MOVIE REVIEW : Great Artists Turn Dull in ‘Impromptu’

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Judy Davis is such a powerful actress that, like Bette Davis and Katharine Hepburn before her, she requires roles that do justice to her fierceness. She demands great roles.

In “Impromptu” (selected theaters), Davis plays George Sand, the most popular and notorious female writer of the early 19th Century. It ought to be a great role for her but the movie is too shallow and flighty to do her justice.

Sand was more than a great writer; she was a central figure in the Romantic whirligig that also included Liszt, Chopin and Delacroix. And her love life was as pronounced a part of her celebrity as her writings. Sand’s career was a marvel of prodigiousness. Not only did she turn out nearly a hundred volumes of prose, but she also found the time to cut a swath through an imposing number of high-profile lovers, including her famous eight-year liaison with Chopin.


The Chopin affair is at the center of “Impromptu.” For a while at the beginning of the movie, when Sand is prowling the halls of Liszt’s home, listening in on Chopin (Hugh Grant) behind closed doors as he tinkles the ivories, the film has a camp sprightliness. Most movies about famous artists are such artery-hardening affairs that the initial offhandedness is tonic.

It turns out to be too offhanded, too lightweight for the heavyweights involved.

It ought to be refreshing to see a movie where famous geniuses aren’t acting famous but, really, it’s a bit much having such luminaries as Sand, Chopin, Delacroix (Ralph Brown) and Alfred de Musset (Mandy Patinkin) cavorting about like headstrong nincompoops. They seem to be taking part in a musical comedy that never happens. I kept expecting the characters to burst into song, which would have been an improvement on the arch, puffy dialogue.

(Cole Porter’s lyrics about Sand from his musical “Nymph Errant” might have provided a good starting point. Sample: “Georgia Sand was an authoress / Who all through her life had great success/Not only with her books / But also with her looks.”)

The film’s musical-without-portfolio quality may owe something to the fact that it was directed by James Lapine, the librettist-director of Stephen Sondheim’s “Sunday in the Park With George” and “Into the Woods.” Lapine, making his feature film debut, doesn’t have the technique to turn this amatory whirl into a lyrical roundelay. When he introduces the music of Chopin and Liszt (Julian Sands) into the proceedings, the effect isn’t revelatory, it’s discordant. It’s impossible to believe that such sounds could have issued from such twits.

“Amadeus” may have paved the way for this nincompoop-genius approach. “Impromptu” (rated PG-13 for mild adult situations) isn’t quite as rollicking as that film, though. Its geniuses, particularly Chopin, are still caught between conscious, high-flying camp and an older, more tortuous theatrical tradition--the Master Thespian tradition that requires a famous artist to look blazingly into the future while coughing despondently into his handkerchief.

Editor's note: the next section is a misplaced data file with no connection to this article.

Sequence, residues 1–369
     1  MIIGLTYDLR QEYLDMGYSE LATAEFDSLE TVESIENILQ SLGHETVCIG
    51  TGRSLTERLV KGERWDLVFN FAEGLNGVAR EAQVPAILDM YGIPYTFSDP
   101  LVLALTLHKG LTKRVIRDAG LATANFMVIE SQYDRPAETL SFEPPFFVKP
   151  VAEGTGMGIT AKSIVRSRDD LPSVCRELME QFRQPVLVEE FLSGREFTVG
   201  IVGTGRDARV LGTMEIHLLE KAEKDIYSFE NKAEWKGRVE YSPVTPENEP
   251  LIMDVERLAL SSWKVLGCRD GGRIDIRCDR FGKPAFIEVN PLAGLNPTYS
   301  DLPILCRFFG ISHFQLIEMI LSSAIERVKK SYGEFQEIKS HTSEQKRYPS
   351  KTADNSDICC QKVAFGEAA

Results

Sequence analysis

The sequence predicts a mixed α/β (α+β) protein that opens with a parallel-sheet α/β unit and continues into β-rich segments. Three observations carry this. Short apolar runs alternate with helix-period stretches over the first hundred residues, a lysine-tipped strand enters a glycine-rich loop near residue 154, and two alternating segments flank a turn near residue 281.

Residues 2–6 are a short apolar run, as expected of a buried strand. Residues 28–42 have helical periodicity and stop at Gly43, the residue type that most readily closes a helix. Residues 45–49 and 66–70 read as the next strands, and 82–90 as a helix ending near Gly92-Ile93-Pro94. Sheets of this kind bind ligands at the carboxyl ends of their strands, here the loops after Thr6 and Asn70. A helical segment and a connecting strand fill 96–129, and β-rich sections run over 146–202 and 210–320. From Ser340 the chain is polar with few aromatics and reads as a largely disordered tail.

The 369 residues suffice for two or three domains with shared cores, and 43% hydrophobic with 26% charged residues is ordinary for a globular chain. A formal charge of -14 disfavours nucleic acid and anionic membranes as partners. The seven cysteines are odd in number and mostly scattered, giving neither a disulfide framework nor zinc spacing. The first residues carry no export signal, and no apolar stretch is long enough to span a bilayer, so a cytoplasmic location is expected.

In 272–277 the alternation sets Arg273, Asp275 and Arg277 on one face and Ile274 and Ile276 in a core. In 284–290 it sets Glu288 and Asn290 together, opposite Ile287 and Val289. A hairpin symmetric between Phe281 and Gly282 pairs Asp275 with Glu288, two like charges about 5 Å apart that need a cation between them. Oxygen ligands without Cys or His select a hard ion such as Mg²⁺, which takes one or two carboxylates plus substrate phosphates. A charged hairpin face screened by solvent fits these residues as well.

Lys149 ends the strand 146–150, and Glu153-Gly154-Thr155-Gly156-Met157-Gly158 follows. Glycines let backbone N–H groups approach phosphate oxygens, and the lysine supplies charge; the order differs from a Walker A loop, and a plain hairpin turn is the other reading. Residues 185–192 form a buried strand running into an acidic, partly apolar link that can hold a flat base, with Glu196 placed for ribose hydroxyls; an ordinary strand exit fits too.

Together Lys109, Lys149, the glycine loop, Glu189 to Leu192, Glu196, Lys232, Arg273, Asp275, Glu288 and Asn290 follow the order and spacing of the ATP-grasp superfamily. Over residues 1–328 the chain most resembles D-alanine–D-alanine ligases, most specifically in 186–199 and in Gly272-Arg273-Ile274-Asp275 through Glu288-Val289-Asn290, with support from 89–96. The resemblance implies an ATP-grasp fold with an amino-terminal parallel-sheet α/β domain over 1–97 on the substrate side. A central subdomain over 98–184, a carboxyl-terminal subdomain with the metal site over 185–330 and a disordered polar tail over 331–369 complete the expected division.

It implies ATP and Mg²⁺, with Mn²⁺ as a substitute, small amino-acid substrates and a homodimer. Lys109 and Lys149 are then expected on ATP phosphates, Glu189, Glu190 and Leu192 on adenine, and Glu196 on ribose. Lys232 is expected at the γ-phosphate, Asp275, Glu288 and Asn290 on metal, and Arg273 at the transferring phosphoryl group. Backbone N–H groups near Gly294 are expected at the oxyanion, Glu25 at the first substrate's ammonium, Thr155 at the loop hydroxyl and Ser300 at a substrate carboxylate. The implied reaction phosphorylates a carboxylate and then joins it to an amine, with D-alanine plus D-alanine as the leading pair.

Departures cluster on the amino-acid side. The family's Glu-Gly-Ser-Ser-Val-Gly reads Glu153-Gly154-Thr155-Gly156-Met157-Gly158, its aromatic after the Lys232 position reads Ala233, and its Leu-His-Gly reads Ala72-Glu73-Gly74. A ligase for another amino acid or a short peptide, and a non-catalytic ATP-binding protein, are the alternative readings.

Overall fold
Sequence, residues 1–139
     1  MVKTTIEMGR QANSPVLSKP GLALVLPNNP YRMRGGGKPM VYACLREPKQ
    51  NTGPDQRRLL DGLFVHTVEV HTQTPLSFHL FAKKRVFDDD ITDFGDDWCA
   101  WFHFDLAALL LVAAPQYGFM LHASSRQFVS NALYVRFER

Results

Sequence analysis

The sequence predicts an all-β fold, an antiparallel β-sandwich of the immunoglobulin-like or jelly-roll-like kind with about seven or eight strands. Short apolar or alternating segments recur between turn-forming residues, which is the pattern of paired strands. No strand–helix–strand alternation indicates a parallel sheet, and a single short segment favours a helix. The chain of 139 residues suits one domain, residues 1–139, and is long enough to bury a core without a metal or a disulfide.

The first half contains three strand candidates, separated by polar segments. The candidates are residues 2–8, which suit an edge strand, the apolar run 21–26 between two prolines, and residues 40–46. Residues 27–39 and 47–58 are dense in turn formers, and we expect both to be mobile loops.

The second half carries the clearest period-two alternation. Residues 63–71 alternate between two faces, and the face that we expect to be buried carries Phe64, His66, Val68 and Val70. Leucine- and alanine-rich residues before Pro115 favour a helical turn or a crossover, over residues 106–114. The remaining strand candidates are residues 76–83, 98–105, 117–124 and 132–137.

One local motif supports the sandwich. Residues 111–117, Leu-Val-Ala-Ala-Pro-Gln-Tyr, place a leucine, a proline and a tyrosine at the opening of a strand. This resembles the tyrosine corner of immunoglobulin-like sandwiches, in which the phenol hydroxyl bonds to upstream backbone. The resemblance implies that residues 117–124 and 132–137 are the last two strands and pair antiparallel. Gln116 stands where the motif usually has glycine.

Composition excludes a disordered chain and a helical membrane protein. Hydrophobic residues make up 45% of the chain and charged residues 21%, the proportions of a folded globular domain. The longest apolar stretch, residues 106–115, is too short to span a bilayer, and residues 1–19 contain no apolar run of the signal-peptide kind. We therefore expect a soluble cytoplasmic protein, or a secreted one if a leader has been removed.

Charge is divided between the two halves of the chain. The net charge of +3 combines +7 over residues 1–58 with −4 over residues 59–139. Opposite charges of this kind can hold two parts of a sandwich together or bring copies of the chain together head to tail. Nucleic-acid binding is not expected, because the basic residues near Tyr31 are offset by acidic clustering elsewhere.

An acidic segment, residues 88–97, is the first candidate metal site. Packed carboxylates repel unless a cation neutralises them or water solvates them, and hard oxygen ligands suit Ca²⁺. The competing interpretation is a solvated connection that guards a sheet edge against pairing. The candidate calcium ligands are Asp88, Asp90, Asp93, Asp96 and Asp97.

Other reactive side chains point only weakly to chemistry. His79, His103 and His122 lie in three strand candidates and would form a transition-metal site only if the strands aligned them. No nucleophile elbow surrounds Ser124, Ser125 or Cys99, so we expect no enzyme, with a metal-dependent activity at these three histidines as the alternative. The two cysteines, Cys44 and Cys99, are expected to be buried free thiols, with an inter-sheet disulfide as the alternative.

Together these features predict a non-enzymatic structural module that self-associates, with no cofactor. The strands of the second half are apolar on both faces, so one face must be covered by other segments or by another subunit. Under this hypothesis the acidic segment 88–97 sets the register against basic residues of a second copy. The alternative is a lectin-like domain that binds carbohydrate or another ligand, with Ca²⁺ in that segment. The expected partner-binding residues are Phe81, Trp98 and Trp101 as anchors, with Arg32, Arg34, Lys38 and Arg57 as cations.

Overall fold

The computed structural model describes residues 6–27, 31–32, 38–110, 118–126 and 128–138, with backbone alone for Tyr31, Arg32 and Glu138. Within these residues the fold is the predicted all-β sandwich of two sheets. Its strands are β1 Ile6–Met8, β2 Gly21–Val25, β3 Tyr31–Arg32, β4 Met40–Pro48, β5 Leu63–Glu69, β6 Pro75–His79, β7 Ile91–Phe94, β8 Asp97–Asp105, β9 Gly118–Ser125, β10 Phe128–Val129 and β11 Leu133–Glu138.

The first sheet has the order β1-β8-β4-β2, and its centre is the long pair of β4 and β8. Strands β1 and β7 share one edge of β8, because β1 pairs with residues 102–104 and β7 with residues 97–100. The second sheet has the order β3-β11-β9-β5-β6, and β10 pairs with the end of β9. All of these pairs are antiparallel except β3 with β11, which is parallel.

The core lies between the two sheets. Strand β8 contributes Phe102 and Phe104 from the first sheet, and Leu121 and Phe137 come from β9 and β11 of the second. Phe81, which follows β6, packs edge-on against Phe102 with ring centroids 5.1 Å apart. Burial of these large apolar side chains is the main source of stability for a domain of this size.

With the possible exception of Bernadette Peters’ Marie d’Agoult, the only character in “Impromptu” who comes across as three-dimensional is Sand. That may have more to do with Davis’ performance than with the role. Sand outraged polite society with her forthrightness and her penchant for wearing men’s clothes. Lapine, and his screenwriter Sarah Kernochan, clearly intend her to be a feminist precursor, but Davis is smart enough to muffle the role’s “modern” side. The way Davis plays her, Sand’s dismissal of protocol is an act of sensibility and moral outrage. Her disdain for fashion is a way of saving herself for the things that matter in life--art and the affairs of the heart.


If the filmmakers had surrounded Davis with performers who shared her fierce zest, then her passion might not have seemed so wearying after awhile. Davis is striking but her tumult is all in a vacuum.

It’s inconceivable that Hugh Grant’s Chopin--so dull, so insignificantly frail--could have inspired Sand’s soul. Only his music could do that, and so we are made to wonder why, if Sand already had the music, she needed the man too. The unstated theme in “Impromptu” is that these great geniuses keep confusing the art with the person, with disastrous results. It’s a great subject for a comedy, but the people who made “Impromptu” don’t seem to be quite in on the joke.


Judy Davis: George Sand

Hugh Grant: Frederic Chopin

Mandy Patinkin: Alfred de Musset

Julian Sands: Franz Liszt

A Hemdale Films release of a Sovereign Pictures presentation. Director James Lapine. Producers Stuart Oken and Dazniel A. Sherkow. Executive producer Jean Nachbaur. Screenplay by Sarah Kernochan. Cinematographer Bruno De Keyzer. Editor Michael Ellis. Costumes Jenny Beavan. Art director Gerard Daoudal. Running time: 1 hour, 54 minutes.

MPAA-rated PG-13 (mild adult situations).